“It is important to me that I’m not just an athlete because I think that, to some extent, it is not healthy,” Garenamotse said. “I wouldn’t want to be long jumping all the time with nothing else to do”. Since then, he has been training on his own, communicating with his coach in the UK by e-mail.
Despite not benefiting from the same quality facilities as in UWIC, Garenamotse did very well in 2006. He clinched a second silver at the Commonwealth Games in Melbourne, in March, bettering his national record twice (8.15 and 8.17, just three centimetres short of World indoor champion Ignisious Gaisah). He went on to set three more national records, 8.19 in Bad Langensalza on 8 July, 8.25 in Hania on 17 July, and 8.27 in Rhede on 20 August. He had to settle for 4th at the African Championships but had the satisfaction of ending the season ranked 13th in the world on distance.
In 2007, Garenamotse jumped over 8.15 in two meetings – in Warsaw on 17 June (8.16) and Bad Langensalza on 7 July (8.34w and 8.18). Two weeks later, at the All Africa Games, in Algiers, he overcame the pain caused by a groin injury to claim his first continental title with an 8.08 mark on his last attempt. He then pulled out of all the meetings to which he had been invited to allow the groin to heal and to preserve his chances ahead of the World Championships. His performance in Osaka was far from expectations, though. Oversized spikes provided by his sponsor, and acclimatisation difficulties, drove him to an early exit as he could do no better than 7.77 for 20th place.
Garenamotse, who is not keen on competing in Europe during winter because of the cold climate, made a rare indoor appearance at the 2008 World Indoor Championships in Valencia, where he came without references, having mostly focused on speed training. However, he managed a creditable 4th (7.93), his best placing so far in a global championships.
The Botswanese jumper did not have as much success at the African Championships, held at altitude in early May in Addis Ababa, finishing 7th (7.84). But he explained after the event that he had preferred to switch his take-off leg to preserve a tight hamstring. He later landed beyond 8 metres five times, with a best performance of 8.22 in Bad Langensalza on 7 June, just five centimetres short of his national record. His 9th place (7.85m) at the Olympic Games in Beijing left him with mixed feelings. On one side, there was the satisfaction reaching the top 10 and achieving one of the best ever placing in Botswana's sport (teammate Amantle Montsho finished 8th in the women's 400m in Beijing). However there was also disappointment for failing to compete up to his level, because of a hamstring injury sustained three days before the qualifying rounds.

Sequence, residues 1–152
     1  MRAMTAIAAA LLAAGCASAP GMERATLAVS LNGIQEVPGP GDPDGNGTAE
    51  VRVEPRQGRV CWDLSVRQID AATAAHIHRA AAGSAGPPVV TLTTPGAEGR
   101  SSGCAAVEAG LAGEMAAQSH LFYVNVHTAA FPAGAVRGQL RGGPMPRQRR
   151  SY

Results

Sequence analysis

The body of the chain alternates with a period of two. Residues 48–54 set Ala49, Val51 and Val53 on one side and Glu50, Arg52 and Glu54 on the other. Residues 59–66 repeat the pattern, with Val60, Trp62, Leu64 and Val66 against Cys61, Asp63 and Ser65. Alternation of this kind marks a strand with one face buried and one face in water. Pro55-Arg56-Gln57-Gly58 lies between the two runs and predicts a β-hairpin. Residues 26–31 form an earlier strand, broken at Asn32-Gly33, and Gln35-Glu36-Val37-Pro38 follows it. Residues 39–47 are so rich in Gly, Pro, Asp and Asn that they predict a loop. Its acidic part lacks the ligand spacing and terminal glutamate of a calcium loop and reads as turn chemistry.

The injury ended his 2008 season and kept him off the runway until February. His 2009 debut was in Dakar mid-April where he lept 7.89m for 3rd. Then Garenamotse traveled to Europe where he achieved a promising 8.11m in Hengelo on June 1. But his preparation was slowed once again by a groin injury sustained mid-June at the Golden League meet in Berlin (7.86). He took a month’s break from competition and returned in Abuja (3rd with 8.00m).
The 30-year old now hopes to have recovered to 80-90% top shape to overcome his bad record at the World Championships and make the Final so that his young son Tumo, who dreamt to be with him in Berlin but will kept home as he started school, will have something to rejoice over watching the champs on TV.
Garenamotse can be easily recognised on the runway as he wears stripy coloured socks. He says: “When I wear the socks, people in the stands look at me and the camera focuses on me and that puts me under a lot of pressure, but I perform best under pressure.”
Long Jump: 8.27 (2006); 8.34w (2007)
1996: 7.41 / 15.36; 1997: 7.67 / 15.66; 1998: 7.53A / 16.05; 1999: 7.97 / 16.66; 2000: 7.65A / 15.98 / 16.19w; 2001: 7.99 / 8.26w / 15.92i; 2002: 8.01i / 7.91 / 15.32; 2003: 8.14; 2004: 7.98; 2005 – 8.07; 2006 – 8.27; 2007: 8.18 / 8.34w; 2008: 8.22; 2009: 8.11
2001 3rd World University Games (7.99)
2002 2nd Commonwealth Games (7.91)
2003 5th All Africa Games (7.83)
2006 4th African Championships (8.02)
2006 4th African Championships (8.02)
2007 1st All Africa Games (8.08)
2008 4th World Indoor Championships (7.93)
2008 7th African Championships (7.84)
2008 9th Olympic Games (7.85)
Prepared by Carole Fuchs for the IAAF ‘Focus on Athletes’ project. © IAAF 2007-2009.